New Delhi: A woman from Firozabad, Uttar Pradesh, was forced to take the body of her husband – who died from Kovid-19 – in an e-rickshaw due to lack of money to pay for an ambulance.
His son alleged that his father was unable to get a bed or treatment from hospitals or covid treatment facilities. He also said that the ambulance drivers were charging exorbitant amounts to take the body home.
In the heartbreaking scenes, the woman can be seen sitting in the back of the e-rickshaw and holding her husband’s body, which is apparently tied to the frame to keep it out of the vehicle.
UP is one of the most affected states in India with over 4.55 lakh active cases; On Tuesday morning it registered about 30,000 new cases and 285 deaths in 24 hours.
It is among the 10 states that accounted for 73 per cent of all cases reported on Monday.
Criticized for handling the epidemic of Chief Minister Yogi Adityanath, Congress leader Priyanka Gandhi Vadra last month accused him of being a “failure of the regime”.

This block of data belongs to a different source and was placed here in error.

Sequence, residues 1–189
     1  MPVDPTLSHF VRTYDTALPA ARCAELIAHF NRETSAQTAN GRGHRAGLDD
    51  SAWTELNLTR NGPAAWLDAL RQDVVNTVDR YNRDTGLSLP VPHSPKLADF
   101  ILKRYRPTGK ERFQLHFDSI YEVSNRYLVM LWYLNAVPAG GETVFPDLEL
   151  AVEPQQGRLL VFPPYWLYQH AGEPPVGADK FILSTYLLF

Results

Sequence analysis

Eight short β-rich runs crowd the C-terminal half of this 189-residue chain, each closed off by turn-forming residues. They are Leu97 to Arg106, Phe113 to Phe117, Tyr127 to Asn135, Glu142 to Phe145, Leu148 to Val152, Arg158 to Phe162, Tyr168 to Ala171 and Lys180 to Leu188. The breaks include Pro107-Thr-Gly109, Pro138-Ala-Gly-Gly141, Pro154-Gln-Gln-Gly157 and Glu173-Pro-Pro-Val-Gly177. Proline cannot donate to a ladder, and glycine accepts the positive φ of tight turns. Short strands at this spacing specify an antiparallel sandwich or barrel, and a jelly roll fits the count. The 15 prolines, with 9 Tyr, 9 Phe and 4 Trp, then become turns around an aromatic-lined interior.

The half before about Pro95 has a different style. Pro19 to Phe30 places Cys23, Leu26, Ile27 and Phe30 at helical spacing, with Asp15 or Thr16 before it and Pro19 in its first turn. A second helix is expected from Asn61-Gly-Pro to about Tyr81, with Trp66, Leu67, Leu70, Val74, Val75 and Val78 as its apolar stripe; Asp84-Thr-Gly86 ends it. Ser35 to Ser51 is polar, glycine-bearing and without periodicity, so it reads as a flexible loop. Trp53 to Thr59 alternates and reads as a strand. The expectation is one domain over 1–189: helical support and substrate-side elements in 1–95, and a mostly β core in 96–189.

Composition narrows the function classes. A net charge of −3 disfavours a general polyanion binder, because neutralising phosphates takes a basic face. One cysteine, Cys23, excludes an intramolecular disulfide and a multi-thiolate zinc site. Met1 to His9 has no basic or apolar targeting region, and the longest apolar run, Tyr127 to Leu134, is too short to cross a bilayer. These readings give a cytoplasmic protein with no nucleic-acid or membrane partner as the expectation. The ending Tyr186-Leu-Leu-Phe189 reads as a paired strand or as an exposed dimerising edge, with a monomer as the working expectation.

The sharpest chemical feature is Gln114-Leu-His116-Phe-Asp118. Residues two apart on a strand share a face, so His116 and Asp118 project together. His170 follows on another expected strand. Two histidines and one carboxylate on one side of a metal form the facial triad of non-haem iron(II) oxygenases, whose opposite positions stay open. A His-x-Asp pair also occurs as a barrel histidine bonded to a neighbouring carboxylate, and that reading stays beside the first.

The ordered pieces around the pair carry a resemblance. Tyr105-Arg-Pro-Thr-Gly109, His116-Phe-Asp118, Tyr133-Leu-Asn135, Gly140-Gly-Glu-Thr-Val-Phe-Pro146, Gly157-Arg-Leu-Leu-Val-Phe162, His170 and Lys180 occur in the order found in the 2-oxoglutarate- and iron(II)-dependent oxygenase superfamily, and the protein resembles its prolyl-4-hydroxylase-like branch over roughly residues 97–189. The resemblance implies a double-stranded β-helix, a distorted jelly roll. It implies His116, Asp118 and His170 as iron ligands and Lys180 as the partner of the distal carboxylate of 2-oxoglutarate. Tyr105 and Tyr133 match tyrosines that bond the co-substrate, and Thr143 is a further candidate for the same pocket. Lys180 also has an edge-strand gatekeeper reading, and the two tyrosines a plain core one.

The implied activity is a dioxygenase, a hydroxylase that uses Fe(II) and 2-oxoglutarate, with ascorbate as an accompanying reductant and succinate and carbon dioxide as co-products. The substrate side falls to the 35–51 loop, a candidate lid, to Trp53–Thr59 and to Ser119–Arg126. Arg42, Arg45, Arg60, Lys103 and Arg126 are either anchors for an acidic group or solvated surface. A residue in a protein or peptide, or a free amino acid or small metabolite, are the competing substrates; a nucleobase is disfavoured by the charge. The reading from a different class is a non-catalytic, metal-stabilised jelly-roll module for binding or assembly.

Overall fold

She also accused him of making sensitive remarks after claiming there was no oxygen shortage in UP.
The epidemic has killed more than two lakh people in India alone, but more than the number, it is the tragic stories and visuals that are the most tragic.
A 35-year-old Kovid-positive woman was found dead in the parking lot of a government-run hospital in Noida, UP, on Saturday, while her attendant was gasping for breath while pleading with authorities for a bed.
Last week, a young woman from Delhi lost her mother while trying to find oxygen oxygen refills. Her mother died while she was on her knees begging for oxygen.
In the days before visuals emerged in Agra, UP, she was giving strict CPR to a coward-positive husband as an auto rickshaw crashed into a hospital. He died just outside the hospital door.
Also from Agra, a man was forced to wrap his father’s body on the roof of a Honda sedan as no ambulance was available.
A catastrophic wave of covid infection has spread in India – every day since April 4. lakh lakh cases and more than three lakh cases daily since 22nd April. The active case load now stands at about 35.5 million – more than three times as many as last year.
The numbers are alarming, but what should be worrisome is the crisis that has engulfed the country’s healthcare system. Hospitals are overflowing, doctors are traumatized and overworked, and relatives and friends of Kovid patients are forced to fight – every day – for the lives of their loved ones.